Tuesday, January 20, 2015

National Cervical Cancer Awareness Month

January is National Cervical Health Awareness Month, and the UAB Comprehensive Cancer Center is offering new alternatives to traditional cervical cancer screenings

More than 1 million women across Alabama ages 25 to 29 should be screened by their doctor for cervical cancer. Under the new guidelines, women should be tested using HPV screening alone and not a Pap smear. Pap smear testing will be used as a follow-up if tested HPV positive, as well as remaining the primary testing for women under the age of 25. Clinicians who are caring for these women are seeking out help in order to give their patients the best advice on the health advantages of using the HPV test as the best option for cervical cancer screening.

This was triggered by an FDA approval for the HPV testing method as the primary method for cervical cancer screening. Today’s guidance is being written and led by gynecologic oncologist,  Warner Huh, M.D., and is also being published simultaneously in the journals Gynecologic Oncology, Obstetrics & Gynecology, and the Journal of Lower Genital Tract Disease under the title “Use of Primary High Risk Human Papillomavirus Testing for Cervical Cancer Screening: Interim Clinical Guidance.”

“Although FDA approval is critically important for introducing a new screening test or algorithm, providers ultimately rely on guidance or guidelines to help them make the best decisions for their patients and want to understand advantages, disadvantages and unknowns associated with a new screening approach,” said Huh, who is a senior scientist for the UAB Comprehensive Cancer Center, Director of the UAB Division of Gynecologic Oncology, and is also a board member for both the American Society for Colposcopy and Cervical Pathology and the Society of Gynecologic Oncology.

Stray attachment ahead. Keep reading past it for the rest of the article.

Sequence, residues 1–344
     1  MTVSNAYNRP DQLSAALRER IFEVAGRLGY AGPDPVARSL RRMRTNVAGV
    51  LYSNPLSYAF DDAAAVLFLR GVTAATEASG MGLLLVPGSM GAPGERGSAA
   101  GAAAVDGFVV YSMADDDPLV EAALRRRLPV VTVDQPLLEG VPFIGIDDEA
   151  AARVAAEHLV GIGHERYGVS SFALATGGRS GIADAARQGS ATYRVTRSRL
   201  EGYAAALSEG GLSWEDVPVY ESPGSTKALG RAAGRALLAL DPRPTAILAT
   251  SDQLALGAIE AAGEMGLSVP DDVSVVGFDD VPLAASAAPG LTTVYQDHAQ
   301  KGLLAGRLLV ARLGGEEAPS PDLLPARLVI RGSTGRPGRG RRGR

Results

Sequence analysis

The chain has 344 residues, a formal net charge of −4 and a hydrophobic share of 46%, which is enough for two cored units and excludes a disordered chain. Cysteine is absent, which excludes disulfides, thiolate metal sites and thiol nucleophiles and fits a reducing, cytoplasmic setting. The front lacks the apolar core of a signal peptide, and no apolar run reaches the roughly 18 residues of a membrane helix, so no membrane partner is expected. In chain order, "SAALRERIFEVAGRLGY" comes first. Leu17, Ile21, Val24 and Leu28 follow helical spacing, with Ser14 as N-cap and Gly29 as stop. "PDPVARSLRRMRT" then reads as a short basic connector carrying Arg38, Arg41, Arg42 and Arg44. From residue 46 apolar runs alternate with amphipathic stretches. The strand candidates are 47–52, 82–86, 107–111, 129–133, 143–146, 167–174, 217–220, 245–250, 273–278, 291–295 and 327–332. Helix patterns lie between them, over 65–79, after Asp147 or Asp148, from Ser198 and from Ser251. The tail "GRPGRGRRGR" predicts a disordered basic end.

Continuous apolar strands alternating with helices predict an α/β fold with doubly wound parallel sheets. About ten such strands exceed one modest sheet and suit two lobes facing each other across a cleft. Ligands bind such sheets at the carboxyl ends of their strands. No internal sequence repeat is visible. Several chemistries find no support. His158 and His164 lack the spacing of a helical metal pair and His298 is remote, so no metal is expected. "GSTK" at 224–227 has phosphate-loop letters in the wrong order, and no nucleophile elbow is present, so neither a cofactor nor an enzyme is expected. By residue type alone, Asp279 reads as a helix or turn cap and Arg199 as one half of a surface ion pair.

Patients’ HPV testing will feel the same compared to the Pap smear but the only difference is how these samples are being examined. Medical personnel will run the samples through an automated machine to look for HPV DNA instead of abnormal cells.

“Pap smears miss a fair number of adenocarcinomas. We don’t want a test that will miss disease,” said Huh.

Remember to stay up to date on your personal testing and to talk to your doctor about any questions or concerns you might have with testing or other cervical cancer matters.

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